News & Views
David Emerson talks about trusts, foundations, conservation and treading the boards
Did your early years influence what you are doing now?
I was an only child growing up in the country after the war. My parents were churchwardens and involved in lots of other community activities: the Scouts, the WI and the local library. I wrote a book with Jill Pitkeathley (another only child) in 1994 – The Only Child:How to Survive Being One which is now in its third or fourth reprint and translated into around ten languages.
So what was your ‘first’ career?
I read geography at university and went on to do a master’s in landscape, ecology, design and maintenance. Then I undertook a community environment protection project in Cheshire and morphed into community development work, becoming deputy head of what was then the rural department of NCVO.
And then what happened?
I received a small legacy, gave all that up, and retrained at drama school to become an actor.
That’s an interesting question; I chose to do it – why is probably beyond the scope of this interview. I understudied Nicholas Lyndhurst in The Foreigner, I was in Jeffrey Archer’s Beyond all Reasonable Doubt and worked with Derek Nimmo touring around the Far East, but to be honest I was never that good, although glad to have done it. I increasingly did more back stage and production management work in the mainstream West End shows and then got a job running the trade association for regional theatres in the UK and, after six years, moved sideways to running this one at ACF.
Tell us about your grantmaking experience
The Stephen Oliver Trust provided funds to help young composers of opera as well as small scale opera companies. I was its secretary. It was hard to be transformative with the amounts we had, but we supported a lot of composers and did spend down and wind up.
What was it like what you got to ACF?
There was a considerable turnover of staff – there always is with any change of CEO. The Atlantic Philanthropies had made a capacity-building grant which immediately provided a further two staff and made a huge difference.
Tell us what ACF does
Like any other membership association we provide specific information and guidance to the members, and we represent their interests upwards. But the difference here is that the membership sits on considerable assets which it uses for public benefit. We provide an opportunity for our members (the big ones aside, most are very small operations) who are spread right across the UK, to get together and talk about common funding issues such as penal reform, domestic violence, the arts et certera as well as about improving the processes of grant-making.
Can you share some of your achievements?
We contributed in making sure the Charities Act for England and Wales included a duty on the Charity Commission to encourage charitable giving. Also, the SORP, which is crucial to all charities, does not particularly apply to grantmakers where the public benefit is delivered by others. We worked with the Commission on this on behalf of our members, and it is easier for them to deal with us, and now members have public benefit guidance approved by the regulator.
How do members assess impact?
There are probably as many answers to that as there are grants made! Members would always be cautious about the attribution of their impact: you can’t demonstrate impact by sales, or footfall, and the positive impact of a grant on disadvantaged children might not be seen for decades. But many trusts giving small amounts of money to local and community organisations have surely been one component of the thriving civil society in the UK.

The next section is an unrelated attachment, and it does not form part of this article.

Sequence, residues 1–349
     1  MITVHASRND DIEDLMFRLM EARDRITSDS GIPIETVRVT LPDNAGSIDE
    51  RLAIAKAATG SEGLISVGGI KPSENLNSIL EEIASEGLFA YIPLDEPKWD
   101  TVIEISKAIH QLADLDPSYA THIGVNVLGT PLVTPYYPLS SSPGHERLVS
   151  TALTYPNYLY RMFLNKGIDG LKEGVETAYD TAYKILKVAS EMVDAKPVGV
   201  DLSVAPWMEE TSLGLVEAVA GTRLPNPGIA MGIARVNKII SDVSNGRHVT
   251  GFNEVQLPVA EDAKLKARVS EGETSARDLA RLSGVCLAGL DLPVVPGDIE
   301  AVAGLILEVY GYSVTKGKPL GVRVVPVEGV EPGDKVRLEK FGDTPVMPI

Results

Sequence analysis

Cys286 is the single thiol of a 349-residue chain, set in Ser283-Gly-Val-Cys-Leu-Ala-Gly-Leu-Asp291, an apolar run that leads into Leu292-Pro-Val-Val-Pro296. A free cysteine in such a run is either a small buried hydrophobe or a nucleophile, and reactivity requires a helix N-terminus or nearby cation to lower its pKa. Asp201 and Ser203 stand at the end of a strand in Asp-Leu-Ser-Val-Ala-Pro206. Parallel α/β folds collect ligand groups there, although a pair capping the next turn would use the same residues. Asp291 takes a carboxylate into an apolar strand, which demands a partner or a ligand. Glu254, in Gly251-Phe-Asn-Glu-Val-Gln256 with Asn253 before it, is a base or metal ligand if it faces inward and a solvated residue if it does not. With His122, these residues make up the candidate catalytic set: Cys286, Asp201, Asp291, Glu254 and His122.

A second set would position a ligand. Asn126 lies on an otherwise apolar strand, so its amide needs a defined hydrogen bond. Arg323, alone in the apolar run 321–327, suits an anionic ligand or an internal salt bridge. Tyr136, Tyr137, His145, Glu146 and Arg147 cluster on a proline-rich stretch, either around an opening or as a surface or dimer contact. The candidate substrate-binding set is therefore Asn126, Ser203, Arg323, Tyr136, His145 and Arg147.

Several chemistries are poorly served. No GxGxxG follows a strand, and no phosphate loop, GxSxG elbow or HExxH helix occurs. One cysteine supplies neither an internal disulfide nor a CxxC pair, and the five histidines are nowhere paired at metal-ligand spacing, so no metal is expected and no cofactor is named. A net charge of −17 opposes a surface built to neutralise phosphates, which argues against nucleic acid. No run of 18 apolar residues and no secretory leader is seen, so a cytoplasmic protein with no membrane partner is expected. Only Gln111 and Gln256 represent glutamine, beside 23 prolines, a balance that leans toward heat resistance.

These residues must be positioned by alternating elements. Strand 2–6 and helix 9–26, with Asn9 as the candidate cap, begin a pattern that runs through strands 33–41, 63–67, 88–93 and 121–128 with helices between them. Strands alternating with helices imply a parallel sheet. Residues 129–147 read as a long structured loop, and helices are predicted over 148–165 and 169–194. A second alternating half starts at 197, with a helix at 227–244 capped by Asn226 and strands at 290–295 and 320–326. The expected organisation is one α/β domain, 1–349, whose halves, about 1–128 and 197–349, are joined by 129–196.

How do foundations fit into Big Society?
We have been funding Big Society for a long time and now we are in a period where the social contract between the state and society is being reviewed. There is a role for trusts and foundations to monitor the change and what is or is not working. One of the strengths of UK civil society is its plurality and we always want to have multiple voices. Another of our roles is funding for campaigning and to support the underdog.
What are the main issues facing the sector?
The money that won’t be there from central and local government and what that means. There also has to be a question about how people will have the capacity to volunteer if they are not in work to pay their bills. And we have to understand how, with a very southern England-led government, you maintain cohesiveness of a UK-wide ‘big’ society.
How do you switch off?
Walking with Jill, our home in Herefordshire has a couple of acres of wildflower meadows. I am a supporter of the Grasslands Trust – you can see the transformation in a few years, not in lifetimes!
The last play you enjoyed?
Black Watch returned to The Barbican and it is stunning.
Best of times?
Getting married to Jill two years ago
Working in the theatre – it only acknowledges what you do on stage, and when I wasn’t very good and was ‘resting’ there were some desperately low points.
David Emerson was talking to Clarissa Dann
David Emerson is chief executive of the Association of Charitable Foundations (ACF), the membership association for charitable trusts and grant-making foundations in the UK.
With a background in rural community development and then work with NCVO, he moved into professional theatre and then to the professional membership association for regional theatre in the UK, which he led for over six years before joining ACF in 2003.
For ten years he was the secretary of a trust promoting contemporary opera, and currently is chair of NITRO, Britain’s leading black music theatre company.Read more articles by this author